It was strange, but she felt the oddest feeling again, looking at it. Somehow, the spacing and placement of those three indentations made her think about an interface terminal. Could it be that the species that had created this, whoever they were, possessed this idiosyncrasy as well? Simply place your hand to a touchscreen or finger sized portal, and be able to transmit or receive information?
Looking to her right, she noticed that Bukhari was busy speaking to the head of the security detail. She couldn’t hear what they were saying at the moment, and really didn’t care much. The technicians appeared to be on the other side of the sphere, and the remaining security guards all seemed blissfully unaware of what was going on. No doubt, they were deliberately attempting to not notice the presence of the Chairman and the strange woman he had arrived with.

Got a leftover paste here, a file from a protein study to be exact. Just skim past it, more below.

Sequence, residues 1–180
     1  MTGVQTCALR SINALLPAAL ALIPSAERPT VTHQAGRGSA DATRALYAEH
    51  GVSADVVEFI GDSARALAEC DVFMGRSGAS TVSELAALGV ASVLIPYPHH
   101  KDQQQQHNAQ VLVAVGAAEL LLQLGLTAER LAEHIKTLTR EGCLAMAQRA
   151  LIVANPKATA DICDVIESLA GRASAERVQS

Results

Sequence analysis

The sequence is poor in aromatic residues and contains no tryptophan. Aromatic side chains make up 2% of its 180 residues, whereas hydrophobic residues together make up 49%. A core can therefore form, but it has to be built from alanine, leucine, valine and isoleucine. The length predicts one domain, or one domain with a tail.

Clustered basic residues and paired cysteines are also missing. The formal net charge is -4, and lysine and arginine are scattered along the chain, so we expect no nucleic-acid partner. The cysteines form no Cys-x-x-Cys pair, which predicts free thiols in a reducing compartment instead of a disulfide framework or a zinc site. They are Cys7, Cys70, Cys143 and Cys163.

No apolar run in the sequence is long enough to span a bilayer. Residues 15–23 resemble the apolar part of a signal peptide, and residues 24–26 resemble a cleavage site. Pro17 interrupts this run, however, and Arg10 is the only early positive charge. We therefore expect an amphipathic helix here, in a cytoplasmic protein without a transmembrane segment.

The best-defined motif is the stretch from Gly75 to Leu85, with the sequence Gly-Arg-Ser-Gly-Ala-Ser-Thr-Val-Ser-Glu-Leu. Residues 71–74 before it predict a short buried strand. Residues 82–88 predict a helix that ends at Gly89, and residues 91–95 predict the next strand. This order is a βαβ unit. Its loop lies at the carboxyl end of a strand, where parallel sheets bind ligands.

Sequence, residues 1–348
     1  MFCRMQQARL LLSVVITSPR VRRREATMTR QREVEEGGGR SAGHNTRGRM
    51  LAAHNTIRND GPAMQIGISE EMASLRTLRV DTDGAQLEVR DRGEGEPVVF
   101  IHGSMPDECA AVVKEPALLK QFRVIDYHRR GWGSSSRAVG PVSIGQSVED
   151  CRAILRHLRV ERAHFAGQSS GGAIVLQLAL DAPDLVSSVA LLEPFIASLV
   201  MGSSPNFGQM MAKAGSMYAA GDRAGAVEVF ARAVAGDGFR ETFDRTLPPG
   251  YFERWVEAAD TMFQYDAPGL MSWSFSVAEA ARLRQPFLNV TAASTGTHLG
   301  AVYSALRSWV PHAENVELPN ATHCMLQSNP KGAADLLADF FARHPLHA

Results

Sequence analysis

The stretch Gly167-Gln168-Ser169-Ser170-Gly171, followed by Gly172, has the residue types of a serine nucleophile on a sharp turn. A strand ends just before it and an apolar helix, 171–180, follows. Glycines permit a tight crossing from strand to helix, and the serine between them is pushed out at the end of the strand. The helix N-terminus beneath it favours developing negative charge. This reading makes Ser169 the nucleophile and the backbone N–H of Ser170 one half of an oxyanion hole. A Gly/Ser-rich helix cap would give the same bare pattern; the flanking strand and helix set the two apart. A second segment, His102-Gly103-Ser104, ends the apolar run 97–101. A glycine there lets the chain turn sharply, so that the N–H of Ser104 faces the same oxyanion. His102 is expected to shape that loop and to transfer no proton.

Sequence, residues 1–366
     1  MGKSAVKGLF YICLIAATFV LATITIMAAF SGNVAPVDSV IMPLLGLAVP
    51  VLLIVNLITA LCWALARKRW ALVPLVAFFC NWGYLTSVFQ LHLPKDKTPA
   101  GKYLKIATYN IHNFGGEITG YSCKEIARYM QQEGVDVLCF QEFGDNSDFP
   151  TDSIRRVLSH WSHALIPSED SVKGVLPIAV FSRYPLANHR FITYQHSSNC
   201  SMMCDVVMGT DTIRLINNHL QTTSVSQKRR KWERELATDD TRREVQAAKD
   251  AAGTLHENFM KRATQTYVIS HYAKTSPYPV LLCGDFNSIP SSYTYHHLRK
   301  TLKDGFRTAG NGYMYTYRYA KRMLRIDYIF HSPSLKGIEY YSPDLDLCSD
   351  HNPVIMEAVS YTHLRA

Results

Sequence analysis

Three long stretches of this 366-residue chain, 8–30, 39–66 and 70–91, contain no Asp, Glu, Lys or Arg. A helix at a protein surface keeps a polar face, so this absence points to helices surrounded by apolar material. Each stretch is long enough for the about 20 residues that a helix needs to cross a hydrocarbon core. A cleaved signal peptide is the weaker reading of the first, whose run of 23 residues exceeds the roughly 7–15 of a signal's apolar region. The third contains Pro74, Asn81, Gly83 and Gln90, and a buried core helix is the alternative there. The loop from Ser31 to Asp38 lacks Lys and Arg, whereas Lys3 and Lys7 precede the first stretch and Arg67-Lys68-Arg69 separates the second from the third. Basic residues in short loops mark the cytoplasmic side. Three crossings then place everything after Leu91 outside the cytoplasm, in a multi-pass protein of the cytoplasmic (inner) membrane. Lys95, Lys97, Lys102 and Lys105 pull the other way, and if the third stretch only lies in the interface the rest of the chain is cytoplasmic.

It was a standard underling thing, she knew. Standing still and doing nothing when the boss was around reduced the chance of making a mistake, and hence being reprimanded.
Looking to the sphere again, she carefully stepped towards it, obsessively checking over her shoulder to make sure no one was looking. She eyed the three holes, once again appraising them to be perfectly spaced apart for her purpose. Three holes, three fingers, making direct contact, achieving a union that would –
“Captain!” The shout rang out just as her fingers landed. Not in time to stop her. She felt a curious sensation, like a big thump or some kind of tremor. No pain, but the sensation of a force strong enough to break her contact with the waking world…
The sounds of hands clapping and a bright light were what she remembered next. She couldn’t tell how long she had been under, whether it had been seconds or days. But she was aware of the fact that she was lying on the deck, and Bukhari and the rest were all standing over her.